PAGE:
9 Fatally Shot, 14 Wounded In Chicago's Deadliest Weekend So Far In 2020
Chicago, IL – Nine people were murdered in Chicago between 6 p.m. on Friday and midnight on Sunday, setting the record for the most murders in a weekend so far for 2020.
Twenty three people were wounded or killed in shootings during that time period, the Associated Press reported.
So far, the murder rate for Chicago in 2020 is set to outpace 2019 by quite a bit.
There had been 33 murders by Feb. 10, 2019, with 167 total shooting victims, the Associated Press reported.
But the body count for Chicago in 2020 is already up to 50 with a total of 225 victims wounded by gunfire.
City officials are concerned about the numbers because Chicago’s crime rates had dropped significantly over the past three years, the Associated Press reported.
“We are looking at this very closely and looking to make some deployment adjustments,” Chicago Police Department Spokesman Anthony Guglielmi said.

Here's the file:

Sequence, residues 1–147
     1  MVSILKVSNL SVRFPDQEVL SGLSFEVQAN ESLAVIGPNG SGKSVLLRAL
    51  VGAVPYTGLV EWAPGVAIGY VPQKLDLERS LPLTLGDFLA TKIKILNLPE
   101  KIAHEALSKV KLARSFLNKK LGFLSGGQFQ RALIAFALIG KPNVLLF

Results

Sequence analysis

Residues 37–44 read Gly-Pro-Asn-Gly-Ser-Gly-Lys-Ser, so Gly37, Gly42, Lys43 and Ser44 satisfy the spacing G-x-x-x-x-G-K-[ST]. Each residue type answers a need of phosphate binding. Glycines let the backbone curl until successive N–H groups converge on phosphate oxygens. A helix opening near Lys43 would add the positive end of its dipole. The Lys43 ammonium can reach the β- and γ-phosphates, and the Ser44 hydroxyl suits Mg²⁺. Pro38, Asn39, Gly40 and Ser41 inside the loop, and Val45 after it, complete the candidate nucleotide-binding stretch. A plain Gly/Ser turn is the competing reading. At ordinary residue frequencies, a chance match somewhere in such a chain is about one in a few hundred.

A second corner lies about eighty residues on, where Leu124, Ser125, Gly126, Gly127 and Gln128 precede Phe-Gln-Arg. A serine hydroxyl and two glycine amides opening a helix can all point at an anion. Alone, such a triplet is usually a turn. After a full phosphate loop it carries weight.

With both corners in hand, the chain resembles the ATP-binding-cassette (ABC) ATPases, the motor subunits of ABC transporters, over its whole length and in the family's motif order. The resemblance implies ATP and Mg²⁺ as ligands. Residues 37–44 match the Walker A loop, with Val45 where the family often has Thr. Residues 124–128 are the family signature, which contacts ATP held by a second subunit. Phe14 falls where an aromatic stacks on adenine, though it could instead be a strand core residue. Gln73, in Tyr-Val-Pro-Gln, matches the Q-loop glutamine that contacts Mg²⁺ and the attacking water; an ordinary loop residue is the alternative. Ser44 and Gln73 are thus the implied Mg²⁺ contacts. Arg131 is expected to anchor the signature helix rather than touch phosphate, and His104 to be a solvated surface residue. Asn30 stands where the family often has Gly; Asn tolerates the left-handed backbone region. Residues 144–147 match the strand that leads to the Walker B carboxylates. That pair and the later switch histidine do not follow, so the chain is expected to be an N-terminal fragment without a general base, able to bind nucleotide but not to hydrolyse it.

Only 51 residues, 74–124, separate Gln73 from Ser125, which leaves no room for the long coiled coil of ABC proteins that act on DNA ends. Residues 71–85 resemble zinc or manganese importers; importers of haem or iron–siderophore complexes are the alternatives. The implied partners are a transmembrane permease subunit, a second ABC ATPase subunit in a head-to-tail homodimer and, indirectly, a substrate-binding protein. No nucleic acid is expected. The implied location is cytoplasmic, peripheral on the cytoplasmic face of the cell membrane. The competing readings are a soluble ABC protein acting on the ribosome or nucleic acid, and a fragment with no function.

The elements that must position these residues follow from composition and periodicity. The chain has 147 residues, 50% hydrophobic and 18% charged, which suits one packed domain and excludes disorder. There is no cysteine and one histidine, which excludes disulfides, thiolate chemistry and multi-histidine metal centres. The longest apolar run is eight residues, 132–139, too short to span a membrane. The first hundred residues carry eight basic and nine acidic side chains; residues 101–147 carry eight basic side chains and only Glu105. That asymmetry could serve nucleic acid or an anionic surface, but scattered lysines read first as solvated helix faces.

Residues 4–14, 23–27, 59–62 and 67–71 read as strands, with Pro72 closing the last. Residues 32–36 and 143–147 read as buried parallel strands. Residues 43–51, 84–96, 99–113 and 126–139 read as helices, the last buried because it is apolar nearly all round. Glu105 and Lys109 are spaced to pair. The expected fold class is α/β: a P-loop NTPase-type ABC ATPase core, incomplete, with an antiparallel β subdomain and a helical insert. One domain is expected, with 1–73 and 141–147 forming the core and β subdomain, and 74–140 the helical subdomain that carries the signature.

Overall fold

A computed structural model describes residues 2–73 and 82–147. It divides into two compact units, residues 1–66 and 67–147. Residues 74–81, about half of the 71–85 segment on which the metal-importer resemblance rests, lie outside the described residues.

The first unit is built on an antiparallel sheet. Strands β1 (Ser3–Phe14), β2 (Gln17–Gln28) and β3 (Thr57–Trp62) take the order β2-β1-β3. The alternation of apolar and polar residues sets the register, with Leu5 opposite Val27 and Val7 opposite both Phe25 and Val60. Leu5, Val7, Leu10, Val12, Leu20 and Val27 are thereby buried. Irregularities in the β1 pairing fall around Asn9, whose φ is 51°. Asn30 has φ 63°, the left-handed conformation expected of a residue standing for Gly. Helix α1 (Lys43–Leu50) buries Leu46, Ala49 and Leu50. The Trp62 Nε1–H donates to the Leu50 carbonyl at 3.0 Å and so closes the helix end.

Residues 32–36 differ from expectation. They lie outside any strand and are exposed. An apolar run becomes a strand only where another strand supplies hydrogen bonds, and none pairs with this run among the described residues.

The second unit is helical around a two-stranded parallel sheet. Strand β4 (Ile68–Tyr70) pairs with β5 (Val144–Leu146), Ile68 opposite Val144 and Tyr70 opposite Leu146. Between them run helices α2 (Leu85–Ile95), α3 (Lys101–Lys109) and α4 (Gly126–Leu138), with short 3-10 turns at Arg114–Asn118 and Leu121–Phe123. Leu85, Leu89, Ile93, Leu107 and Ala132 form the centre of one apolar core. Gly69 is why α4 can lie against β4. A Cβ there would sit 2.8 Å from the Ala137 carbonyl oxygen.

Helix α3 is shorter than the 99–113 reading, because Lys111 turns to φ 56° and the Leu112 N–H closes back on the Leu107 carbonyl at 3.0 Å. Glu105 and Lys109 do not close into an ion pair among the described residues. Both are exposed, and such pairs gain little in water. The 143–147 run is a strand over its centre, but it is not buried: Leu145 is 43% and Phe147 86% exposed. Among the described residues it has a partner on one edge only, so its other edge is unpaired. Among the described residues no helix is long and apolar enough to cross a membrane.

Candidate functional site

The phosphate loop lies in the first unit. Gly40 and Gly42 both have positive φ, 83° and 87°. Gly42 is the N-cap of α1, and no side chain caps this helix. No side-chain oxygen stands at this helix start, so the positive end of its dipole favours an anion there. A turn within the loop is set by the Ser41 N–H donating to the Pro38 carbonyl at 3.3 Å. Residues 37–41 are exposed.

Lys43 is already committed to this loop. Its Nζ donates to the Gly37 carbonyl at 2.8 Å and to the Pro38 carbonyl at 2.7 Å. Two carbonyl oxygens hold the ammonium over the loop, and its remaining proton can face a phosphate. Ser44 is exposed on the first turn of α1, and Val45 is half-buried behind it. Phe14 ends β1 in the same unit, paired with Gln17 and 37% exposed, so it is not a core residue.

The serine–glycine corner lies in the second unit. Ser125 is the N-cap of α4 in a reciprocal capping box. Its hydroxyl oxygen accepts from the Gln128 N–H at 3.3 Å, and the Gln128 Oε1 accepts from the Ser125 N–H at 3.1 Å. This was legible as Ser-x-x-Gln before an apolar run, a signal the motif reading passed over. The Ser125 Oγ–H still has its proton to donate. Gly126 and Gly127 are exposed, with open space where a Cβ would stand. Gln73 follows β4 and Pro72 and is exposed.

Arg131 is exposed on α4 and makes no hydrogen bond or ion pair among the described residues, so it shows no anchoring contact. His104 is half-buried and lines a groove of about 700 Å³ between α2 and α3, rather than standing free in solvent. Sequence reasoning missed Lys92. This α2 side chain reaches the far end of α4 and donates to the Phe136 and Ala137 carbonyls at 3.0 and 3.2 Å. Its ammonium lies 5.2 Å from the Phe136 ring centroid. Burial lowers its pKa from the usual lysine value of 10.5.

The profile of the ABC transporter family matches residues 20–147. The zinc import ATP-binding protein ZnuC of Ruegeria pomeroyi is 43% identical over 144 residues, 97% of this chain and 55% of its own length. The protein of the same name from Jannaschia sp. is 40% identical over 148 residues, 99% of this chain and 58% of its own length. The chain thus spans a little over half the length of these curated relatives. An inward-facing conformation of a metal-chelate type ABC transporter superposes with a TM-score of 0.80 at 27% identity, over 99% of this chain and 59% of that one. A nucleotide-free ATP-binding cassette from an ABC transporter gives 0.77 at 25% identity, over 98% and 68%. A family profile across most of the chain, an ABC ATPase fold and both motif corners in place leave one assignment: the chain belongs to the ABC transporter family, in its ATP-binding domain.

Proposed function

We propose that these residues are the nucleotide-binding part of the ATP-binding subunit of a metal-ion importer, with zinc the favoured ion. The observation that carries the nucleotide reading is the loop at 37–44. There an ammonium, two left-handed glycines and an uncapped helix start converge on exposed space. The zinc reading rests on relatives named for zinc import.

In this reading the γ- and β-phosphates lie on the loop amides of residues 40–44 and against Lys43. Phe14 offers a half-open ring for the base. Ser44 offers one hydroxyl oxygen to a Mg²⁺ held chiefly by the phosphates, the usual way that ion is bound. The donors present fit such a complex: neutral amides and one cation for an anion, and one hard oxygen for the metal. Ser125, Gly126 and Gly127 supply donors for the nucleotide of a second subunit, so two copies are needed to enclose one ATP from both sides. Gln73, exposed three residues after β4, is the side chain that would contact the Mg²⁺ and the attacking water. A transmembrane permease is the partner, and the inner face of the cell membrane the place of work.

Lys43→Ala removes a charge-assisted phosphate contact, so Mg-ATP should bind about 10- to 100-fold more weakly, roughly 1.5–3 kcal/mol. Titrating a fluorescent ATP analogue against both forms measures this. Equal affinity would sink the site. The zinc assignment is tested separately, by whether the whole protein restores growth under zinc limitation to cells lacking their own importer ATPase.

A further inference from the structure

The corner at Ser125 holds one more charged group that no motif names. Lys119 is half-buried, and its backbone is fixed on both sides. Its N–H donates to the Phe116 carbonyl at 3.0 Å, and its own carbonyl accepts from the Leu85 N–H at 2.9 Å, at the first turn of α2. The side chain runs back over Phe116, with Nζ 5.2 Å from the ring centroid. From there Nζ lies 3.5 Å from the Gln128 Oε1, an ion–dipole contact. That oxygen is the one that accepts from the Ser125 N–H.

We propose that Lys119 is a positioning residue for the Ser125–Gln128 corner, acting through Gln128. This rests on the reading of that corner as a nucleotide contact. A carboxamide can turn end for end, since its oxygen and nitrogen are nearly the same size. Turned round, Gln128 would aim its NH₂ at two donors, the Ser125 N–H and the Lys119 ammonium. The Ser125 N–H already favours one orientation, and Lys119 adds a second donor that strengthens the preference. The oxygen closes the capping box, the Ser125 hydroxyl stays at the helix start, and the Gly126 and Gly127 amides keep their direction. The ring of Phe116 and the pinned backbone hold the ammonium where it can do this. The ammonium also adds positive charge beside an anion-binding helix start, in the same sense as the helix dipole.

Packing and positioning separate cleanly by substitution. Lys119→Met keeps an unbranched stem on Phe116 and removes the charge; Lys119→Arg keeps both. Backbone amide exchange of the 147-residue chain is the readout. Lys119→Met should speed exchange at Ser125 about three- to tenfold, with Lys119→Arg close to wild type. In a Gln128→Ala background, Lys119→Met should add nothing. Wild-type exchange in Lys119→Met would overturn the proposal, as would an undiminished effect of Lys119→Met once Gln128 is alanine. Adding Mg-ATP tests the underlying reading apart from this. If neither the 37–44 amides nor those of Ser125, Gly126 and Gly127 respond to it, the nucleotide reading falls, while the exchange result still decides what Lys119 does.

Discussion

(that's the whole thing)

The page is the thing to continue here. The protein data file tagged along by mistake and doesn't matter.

Guglielmi said that police had made three arrests in connection with the weekend’s murders by Monday morning, the Associated Press reported.
The Chicago Police Department has been through a lot of upheaval in the past few months.
Chicago Mayor Lori Lightfoot fired Superintendent Eddie Johnson in December after she said he lied to her about an incident in October of 2019 when he was found passed out in his car.
She replaced Johnson with Interim Superintendent Charlie Beck, former chief of the Los Angeles Police Department, WGN reported.
In January, Superintendent Beck moved 1,100 detectives and narcotics and gang officers out of headquarters and into the districts to put them closer to crime scenes and the patrol officers who run those streets.
“In the long run this will help us and this geographical based policing is a model that has proven to be better in other cities but now we are going through some growing pains,” Guglielmi said.
When the new top cop announced his big changes to the department, he made it clear that while he might hold an “interim” title, he didn’t plan to sit still as a placeholder, WBBM reported.
“The mayor didn’t hire me to be a place keeper,” Superintendent Beck said. “She didn’t hire me just to keep the lights on.”
The acting superintendent shook things up at Chicago PD in late December when he announced he was putting an end to merit-based promotion system that has long been considered corrupt and unfair.